iPad optimizes photos?

Discussion in 'iPad' started by DannyNguyener, May 26, 2010.

  1. DannyNguyener macrumors regular

    DannyNguyener

    Joined:
    Mar 13, 2010
    #1
    I shoot alot of photos with SLR, and I like to keep the original quality and resolution when transferred to my iPad via iTunes sync. However, they seem to be resized throughout the sync process. Anyway to fix this?
     
  2. sracer macrumors 603

    sracer

    Joined:
    Apr 9, 2010
    Location:
    Land of Bongos and Beatniks
    #2
    No. But what benefit is there to having images in original quality on a device that doesn't allow true zooming of the images? :confused:
     
  3. DannyNguyener thread starter macrumors regular

    DannyNguyener

    Joined:
    Mar 13, 2010
  4. infernallexicon macrumors newbie

    Joined:
    May 27, 2010
    #4
    Here's the thing about optimizing photos. This behavior of iTunes may be a little outdated but here's why I think iTunes does this.

    1. Most people don't have 1TB hard drives in their computers. I think it's safe to say iTunes doesn't save the optimized files on your hard drive because it would take up more space on your hard drive. Now this probably isn't going to take up as much space as the original image, especially if the image is full 1080p or other really high resolution (the iPad can only handle up to 720p, anyway), but it can still add up fast.

    2. Most people just don't have 64GB iPads. Usually, the mid-range product is purchased. This is can be the case with any product--whether that product is an iPhone, iPad, iMac, etc. The high-end product is usually the least purchased because high-end products are generally geared to extreme enthusiasts (plus, who really has the money to invest in a $5000 Mac Pro or even an $829 iPad?!). This relates to 1. because again, we're dealing with an issue of finite space on a device. Typically, people aren't going to use their mobile devices (i-Pad, Pod, Phone) just for pictures, so those files are most likely compressed to save space for other things, like music--if anybody remembers, the iPod was first a MUSIC player, yes?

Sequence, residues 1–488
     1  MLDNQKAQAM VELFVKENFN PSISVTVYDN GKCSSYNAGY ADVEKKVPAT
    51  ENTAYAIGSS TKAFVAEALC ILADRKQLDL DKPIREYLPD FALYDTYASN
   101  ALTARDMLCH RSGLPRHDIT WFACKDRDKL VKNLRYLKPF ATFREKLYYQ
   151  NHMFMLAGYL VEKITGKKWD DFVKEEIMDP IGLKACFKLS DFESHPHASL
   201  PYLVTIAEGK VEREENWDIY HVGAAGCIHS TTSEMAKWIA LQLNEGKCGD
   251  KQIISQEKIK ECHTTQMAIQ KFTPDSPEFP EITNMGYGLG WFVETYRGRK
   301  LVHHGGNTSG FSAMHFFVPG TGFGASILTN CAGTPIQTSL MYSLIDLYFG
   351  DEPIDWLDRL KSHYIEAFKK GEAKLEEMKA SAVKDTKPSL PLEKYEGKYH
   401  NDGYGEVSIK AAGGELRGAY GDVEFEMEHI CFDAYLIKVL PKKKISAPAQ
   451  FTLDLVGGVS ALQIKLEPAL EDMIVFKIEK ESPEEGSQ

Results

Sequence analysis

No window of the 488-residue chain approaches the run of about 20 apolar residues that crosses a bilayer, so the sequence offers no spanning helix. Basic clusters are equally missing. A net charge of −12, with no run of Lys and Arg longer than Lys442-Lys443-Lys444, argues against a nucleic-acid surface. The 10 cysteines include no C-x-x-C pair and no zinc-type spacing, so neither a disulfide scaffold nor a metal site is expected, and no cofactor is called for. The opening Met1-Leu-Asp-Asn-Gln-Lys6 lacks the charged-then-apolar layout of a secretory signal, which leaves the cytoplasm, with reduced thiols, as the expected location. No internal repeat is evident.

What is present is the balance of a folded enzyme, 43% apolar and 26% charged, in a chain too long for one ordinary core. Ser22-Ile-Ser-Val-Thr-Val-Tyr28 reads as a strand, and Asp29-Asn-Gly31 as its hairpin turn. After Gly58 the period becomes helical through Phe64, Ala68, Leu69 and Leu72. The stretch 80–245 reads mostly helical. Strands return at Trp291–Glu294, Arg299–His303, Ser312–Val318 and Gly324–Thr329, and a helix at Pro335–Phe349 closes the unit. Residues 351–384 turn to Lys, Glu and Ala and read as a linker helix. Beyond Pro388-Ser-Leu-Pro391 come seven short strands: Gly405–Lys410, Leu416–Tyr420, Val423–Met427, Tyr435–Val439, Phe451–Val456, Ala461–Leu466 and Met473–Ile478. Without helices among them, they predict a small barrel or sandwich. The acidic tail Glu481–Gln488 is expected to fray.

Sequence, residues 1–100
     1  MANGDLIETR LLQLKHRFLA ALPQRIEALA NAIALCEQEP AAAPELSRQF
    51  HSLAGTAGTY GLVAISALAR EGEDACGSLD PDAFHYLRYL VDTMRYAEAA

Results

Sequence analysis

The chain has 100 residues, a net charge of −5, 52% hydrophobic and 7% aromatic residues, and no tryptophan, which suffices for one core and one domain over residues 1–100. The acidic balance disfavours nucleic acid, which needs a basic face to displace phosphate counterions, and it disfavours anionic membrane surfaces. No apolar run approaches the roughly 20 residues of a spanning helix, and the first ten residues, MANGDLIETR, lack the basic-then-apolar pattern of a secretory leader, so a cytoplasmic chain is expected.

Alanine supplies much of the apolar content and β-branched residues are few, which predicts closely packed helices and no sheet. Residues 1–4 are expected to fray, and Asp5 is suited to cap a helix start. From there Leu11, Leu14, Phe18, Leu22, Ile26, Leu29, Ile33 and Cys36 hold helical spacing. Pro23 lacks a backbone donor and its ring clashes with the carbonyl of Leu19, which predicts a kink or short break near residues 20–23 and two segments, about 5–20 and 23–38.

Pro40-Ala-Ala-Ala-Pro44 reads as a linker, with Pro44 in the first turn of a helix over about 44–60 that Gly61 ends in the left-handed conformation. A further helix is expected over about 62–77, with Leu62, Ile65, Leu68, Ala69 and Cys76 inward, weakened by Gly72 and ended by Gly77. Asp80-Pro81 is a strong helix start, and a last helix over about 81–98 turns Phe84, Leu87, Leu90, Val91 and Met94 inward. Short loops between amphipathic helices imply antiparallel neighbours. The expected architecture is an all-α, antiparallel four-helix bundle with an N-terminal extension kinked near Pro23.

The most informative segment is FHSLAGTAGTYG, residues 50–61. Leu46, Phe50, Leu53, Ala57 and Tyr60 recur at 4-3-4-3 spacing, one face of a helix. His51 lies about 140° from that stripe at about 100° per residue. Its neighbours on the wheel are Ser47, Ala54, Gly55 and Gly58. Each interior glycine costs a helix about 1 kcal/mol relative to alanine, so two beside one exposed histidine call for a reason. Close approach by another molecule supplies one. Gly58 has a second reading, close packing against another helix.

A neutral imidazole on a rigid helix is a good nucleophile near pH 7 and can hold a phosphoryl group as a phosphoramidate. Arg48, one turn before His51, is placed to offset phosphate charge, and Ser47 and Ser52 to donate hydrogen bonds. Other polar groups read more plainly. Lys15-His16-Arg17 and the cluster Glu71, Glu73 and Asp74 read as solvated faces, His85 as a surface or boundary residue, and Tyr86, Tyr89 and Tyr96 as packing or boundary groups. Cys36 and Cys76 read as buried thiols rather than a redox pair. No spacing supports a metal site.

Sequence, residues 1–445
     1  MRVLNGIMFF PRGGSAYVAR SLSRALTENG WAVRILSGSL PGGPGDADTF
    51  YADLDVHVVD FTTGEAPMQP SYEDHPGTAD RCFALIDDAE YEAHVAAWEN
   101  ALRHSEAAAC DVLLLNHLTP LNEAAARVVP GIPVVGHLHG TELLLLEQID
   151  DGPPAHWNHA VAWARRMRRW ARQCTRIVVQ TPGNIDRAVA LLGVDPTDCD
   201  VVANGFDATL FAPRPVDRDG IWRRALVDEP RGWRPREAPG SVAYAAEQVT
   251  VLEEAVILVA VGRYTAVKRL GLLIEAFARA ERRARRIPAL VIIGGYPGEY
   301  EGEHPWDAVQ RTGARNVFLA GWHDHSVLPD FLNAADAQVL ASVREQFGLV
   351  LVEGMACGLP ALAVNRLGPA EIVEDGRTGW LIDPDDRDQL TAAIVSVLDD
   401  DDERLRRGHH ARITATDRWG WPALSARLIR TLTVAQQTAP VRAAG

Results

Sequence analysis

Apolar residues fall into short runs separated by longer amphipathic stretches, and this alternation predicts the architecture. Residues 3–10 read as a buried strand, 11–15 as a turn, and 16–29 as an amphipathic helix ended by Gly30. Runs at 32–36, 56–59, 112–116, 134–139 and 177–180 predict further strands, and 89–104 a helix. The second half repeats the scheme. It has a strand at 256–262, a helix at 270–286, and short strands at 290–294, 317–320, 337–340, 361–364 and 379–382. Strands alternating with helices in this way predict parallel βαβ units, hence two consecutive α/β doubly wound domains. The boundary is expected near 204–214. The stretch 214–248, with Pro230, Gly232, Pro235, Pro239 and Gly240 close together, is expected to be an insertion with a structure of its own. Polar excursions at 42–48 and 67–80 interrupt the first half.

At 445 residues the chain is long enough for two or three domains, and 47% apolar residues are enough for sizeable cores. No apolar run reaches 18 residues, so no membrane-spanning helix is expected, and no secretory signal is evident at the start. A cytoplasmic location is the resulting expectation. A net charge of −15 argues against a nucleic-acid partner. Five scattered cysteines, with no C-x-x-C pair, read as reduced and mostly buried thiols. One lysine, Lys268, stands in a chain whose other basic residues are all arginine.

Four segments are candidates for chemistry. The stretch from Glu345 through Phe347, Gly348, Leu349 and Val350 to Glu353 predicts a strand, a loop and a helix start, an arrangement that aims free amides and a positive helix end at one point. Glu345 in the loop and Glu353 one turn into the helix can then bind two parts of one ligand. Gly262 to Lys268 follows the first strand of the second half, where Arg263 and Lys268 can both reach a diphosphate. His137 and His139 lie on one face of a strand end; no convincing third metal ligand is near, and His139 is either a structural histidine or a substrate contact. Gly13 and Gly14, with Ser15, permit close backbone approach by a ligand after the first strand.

3. The size of photos can vary depending on format, image ratio, color, camera, etc. but are typically between 20MB and 1MB. So, even if you only had 50 photos, you'd have about 1GB used already. Most people that complain about how Apple devices are photo enthusiasts who probably have more than 100 photos. Easily. So, you can see how quickly something like an 8GB iPhone 3G would be filled by just pictures alone?

    That having been said, apparently the optimization for the iPad is better than it was for the iPhone or iPod.
     

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